Sigh. Bjørn Lomborg has once again been given a fact-checker free podium -- and has left it fact free. His latest salvo in The New York Times claims that the world's three billion poorest -- who, lacking access to modern energy, light with kerosene and cook with wood -- must suffer through nineteenth century coal and twentieth century oil to advance -- because coal and oil are -- cheap!
In Bjørn's world, climate is tomorrow's problem, which must wait until we solve today's, poverty. Cheap and available fossil fuels are going to lift the poor. Clean energy which might solve the climate crisis is not up to the job.
Climate as tomorrow's problem ignores the people of Tacloban and the rest of the Philippines, whose chief climate negotiator, Naderev Sano, launched an emotional hunger strike at the recent Warsaw Climate summit to "stop this madness" -- Lomborg's prescription of continued inaction on climate. Climate as tomorrow's problem ignores Central Africans dying of drought, Bangladeshi's losing their fields to rising sea levels, even residents of coastal New Jersey unable to safely rebuild because the shoreline has become an aggressively advancing enemy.
Lomborg either doesn't know or doesn't care what he is talking about. He argues that "What those living in energy poverty need are reliable, low-cost fossil fuels." That would be nice -- but such fuels are not available, except in Lomborg land.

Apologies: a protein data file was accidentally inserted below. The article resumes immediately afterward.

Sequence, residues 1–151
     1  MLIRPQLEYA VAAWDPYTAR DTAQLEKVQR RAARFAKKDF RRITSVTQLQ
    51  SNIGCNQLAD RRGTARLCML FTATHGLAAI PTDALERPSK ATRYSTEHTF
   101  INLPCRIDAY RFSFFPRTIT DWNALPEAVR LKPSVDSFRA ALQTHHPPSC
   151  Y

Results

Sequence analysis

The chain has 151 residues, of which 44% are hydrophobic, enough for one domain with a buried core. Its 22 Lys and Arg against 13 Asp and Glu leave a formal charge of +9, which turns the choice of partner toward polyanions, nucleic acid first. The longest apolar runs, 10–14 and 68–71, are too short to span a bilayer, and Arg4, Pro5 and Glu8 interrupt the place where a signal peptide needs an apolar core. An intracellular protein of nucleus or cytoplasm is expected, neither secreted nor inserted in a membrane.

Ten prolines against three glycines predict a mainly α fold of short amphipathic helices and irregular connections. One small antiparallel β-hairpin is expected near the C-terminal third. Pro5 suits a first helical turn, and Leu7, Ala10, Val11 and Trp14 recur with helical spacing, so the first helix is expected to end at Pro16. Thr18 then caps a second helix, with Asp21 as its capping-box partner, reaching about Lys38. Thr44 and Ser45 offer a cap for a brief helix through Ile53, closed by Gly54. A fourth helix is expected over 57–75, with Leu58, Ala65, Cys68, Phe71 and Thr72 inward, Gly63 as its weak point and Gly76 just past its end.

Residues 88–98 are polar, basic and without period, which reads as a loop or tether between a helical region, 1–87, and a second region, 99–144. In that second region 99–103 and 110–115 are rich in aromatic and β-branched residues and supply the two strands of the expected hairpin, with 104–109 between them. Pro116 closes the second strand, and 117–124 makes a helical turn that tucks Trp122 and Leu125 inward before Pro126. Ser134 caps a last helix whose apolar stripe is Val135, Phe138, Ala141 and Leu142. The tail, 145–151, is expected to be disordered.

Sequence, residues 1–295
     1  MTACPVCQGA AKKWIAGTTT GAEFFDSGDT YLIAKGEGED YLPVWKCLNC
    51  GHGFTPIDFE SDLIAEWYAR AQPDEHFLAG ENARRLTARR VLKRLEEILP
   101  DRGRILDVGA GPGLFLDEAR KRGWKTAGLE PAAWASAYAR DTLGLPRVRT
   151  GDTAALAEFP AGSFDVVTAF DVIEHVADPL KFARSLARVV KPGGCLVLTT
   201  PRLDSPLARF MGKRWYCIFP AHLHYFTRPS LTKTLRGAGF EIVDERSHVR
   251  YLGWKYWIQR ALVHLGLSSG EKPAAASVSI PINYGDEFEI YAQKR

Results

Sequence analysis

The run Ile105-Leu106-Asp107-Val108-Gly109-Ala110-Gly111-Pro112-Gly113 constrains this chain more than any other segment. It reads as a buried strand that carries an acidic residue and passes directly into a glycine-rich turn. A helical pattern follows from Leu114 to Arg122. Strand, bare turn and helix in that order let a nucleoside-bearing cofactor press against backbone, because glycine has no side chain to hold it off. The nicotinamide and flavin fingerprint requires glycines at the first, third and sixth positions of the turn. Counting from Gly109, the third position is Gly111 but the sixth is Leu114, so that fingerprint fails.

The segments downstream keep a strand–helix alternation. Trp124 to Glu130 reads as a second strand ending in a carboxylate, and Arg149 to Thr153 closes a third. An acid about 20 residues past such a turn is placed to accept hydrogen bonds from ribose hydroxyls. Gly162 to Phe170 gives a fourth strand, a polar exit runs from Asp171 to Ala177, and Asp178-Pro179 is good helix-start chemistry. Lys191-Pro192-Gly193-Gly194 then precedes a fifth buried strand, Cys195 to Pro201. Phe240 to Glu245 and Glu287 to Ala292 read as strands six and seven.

Fossil fuel as cheap? Oil is at $100/barrel, and imported coal, of the kind that India, Pakistan and Africa are now reaching for, costs $90/ton -- both triple what they were only a decade ago. At those prices electricity from oil costs $0.35, from coal $.10 while wind in China costs only $0.07 and solar in California only $.08.
These economics are reflected in energy trends in industrial nations.This week the EU revealed that its consumption of coal declined by 8 percent last year, with wind, solar and hydro taking up the slack, while the Sierra Club tallied up the benchmark that 30 percent of U.S. coal plants currently operating have announced that they will shut down in the next few years. And in China yet another province -- Zhejian, a heavily industrialized Yangtse River region which currently burns as much coal as all of Germany -- announced it would allow no more new coal plant approvals.
Lomborg derides renewables as tomorrow's solution, not yet ready -- when in fact they are already cheaper than the fossils he applauds, and are already taking the place of fossils in countries where bitter experience with the pollution and other costs of dirty energy are driving change.
He laments that 3.5 million of the poor die each year from indoor air pollution, seemingly oblivious to the reality that about half of them die from an available, but not cheap, fossil fuel -- kerosene -- and the other half die from burning wood precisely because LPG, a cleaner middle class cooking fuel, is too expensive.
What raises the price of coal and oil? Wasteful consumption by the rich, a habit Lomborg never stops to snipe at. Instead he argues that fossil fuels "are the only means to lift people out of the smoke and darkness of energy poverty." Fact not in evidence, Bjorn.